I think part of the length was a misunderstanding. You don't have to kill all the Zombies!!! on the helipad. You only have to be on the middle square with no zombies on your square. So if you're in the middle of the tile and there are Zombies!!! on the other 8 squares, you win.

The other thing that can help speed the endgame is to not reshuffle the event deck (once it's gone it's gone) and to roll 2d6 for movement once the helipad appears. Both of these are rules that Twilight Creations uses when running the game at conventions.

The other thing is to consider removing 1 of each of the following cards from the deck:

Alternate Food Source
Bad Sense of Direction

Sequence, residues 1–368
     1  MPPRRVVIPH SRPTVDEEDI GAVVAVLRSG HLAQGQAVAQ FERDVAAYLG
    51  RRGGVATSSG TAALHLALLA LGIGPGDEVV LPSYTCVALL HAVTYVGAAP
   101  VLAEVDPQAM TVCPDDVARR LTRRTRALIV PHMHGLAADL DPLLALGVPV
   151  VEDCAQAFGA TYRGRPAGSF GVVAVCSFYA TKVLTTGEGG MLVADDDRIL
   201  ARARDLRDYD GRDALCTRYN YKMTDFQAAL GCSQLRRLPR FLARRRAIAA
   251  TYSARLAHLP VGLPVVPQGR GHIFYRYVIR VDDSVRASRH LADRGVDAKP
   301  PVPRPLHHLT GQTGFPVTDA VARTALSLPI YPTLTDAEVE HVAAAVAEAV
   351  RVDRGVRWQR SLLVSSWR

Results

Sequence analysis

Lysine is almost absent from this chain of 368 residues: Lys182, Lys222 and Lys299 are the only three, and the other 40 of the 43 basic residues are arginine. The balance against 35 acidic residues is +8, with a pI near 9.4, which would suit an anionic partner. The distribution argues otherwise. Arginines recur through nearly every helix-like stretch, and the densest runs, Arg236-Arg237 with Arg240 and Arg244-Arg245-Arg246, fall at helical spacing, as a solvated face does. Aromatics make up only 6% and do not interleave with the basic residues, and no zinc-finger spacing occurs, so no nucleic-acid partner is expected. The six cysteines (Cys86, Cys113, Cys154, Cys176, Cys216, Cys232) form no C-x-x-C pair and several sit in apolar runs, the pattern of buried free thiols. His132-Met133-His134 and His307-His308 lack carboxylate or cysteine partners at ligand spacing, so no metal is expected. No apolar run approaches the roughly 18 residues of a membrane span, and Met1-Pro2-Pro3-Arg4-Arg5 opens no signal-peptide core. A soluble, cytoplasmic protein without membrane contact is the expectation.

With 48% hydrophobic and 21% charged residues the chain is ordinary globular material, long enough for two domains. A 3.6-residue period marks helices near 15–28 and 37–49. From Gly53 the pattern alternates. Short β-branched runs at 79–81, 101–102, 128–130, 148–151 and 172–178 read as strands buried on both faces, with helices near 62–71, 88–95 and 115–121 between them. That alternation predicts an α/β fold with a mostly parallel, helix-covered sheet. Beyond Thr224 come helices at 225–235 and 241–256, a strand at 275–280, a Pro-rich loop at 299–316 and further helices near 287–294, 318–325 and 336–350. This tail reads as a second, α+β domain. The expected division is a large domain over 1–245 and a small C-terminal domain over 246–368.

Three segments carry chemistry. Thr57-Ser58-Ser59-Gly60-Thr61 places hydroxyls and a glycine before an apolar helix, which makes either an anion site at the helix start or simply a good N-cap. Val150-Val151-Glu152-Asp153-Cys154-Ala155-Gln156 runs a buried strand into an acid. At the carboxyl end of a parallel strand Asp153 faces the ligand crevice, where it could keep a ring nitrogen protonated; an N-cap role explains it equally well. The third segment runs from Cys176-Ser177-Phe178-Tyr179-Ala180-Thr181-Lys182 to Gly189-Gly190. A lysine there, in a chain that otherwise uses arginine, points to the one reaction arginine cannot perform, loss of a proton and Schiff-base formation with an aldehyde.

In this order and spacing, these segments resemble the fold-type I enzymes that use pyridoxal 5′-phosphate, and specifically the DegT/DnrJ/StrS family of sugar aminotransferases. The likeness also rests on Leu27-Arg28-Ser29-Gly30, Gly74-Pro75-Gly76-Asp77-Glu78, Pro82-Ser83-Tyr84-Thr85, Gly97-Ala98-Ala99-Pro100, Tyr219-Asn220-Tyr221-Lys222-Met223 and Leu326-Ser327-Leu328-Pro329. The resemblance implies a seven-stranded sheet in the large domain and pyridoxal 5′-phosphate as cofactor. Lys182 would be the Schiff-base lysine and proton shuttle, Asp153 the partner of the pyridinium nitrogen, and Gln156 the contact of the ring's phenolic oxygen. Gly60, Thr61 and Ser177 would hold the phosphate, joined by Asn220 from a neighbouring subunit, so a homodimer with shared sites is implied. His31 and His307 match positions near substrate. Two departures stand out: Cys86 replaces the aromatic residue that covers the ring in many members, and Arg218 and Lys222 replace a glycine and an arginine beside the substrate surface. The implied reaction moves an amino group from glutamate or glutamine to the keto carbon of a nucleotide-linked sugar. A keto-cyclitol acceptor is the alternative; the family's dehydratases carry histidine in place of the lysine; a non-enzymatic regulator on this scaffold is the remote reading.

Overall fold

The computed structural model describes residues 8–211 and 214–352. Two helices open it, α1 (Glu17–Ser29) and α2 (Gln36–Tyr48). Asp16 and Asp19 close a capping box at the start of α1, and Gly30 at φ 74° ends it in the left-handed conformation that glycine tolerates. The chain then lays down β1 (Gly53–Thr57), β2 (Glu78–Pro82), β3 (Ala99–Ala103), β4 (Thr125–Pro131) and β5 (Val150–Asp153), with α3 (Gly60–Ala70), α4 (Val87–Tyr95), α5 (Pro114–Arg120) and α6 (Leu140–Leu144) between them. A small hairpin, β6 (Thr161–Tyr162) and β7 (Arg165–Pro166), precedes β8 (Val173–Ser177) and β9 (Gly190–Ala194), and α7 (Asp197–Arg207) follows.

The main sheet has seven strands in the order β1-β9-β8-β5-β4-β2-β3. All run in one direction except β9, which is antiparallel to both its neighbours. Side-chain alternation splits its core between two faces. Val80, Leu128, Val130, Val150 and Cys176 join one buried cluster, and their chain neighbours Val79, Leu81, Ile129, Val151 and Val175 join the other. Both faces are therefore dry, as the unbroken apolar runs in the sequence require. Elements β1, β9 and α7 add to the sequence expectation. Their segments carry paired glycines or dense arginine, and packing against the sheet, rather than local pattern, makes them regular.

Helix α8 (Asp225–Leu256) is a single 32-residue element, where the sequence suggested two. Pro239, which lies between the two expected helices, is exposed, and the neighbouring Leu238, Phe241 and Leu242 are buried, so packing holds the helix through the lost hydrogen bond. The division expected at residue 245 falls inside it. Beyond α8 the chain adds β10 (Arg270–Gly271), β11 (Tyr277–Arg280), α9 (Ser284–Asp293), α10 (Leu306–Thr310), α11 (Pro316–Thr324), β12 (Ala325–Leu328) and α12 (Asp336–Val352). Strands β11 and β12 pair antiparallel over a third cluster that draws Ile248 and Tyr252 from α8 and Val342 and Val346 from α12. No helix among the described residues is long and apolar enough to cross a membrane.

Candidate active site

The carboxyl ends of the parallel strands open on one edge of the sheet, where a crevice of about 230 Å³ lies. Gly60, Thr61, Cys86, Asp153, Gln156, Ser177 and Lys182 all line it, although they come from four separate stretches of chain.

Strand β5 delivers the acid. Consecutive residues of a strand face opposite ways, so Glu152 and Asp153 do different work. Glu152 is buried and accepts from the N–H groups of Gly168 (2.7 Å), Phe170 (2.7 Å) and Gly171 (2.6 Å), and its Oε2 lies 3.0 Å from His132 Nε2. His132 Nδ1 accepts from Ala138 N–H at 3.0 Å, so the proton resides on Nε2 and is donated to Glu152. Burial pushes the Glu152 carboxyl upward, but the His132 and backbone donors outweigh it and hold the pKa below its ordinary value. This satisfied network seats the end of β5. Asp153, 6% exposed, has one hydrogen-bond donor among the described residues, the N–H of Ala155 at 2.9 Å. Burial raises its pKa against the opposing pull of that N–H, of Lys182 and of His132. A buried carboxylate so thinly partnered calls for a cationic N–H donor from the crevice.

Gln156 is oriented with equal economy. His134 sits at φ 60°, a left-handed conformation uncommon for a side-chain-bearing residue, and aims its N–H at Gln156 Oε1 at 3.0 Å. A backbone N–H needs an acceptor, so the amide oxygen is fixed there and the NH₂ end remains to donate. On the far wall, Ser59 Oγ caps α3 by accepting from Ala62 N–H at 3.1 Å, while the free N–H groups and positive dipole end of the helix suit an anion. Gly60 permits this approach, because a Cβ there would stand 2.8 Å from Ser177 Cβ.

The Keys Are Still In It
We're Screwed
Zombie Master

These cards are more powerful and are "limited" to one for constructed deck play. You can also check out their website for some alternate decks, although if you only have Zombies!!! that won't help since they involve including cards from the other expansions.
 
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Ken B.
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Thanks, Steve. I knew there was an "official" list of cards to remove but I couldn't remember what they were.

Actually not shuffling the deck makes good sense--it stops the endgame of "I play card to teleport you back...you play card to make me wander off in a random direction...I play card that fills your tile with zombies...then...zzzzz". I think that's the one part of the game that even its fans (like me) aren't always terribly fond of. The first time you nail your opponent with one of these cards, you'll smile; after you've traded them fifteen times with the same foe it gets a little tiresome.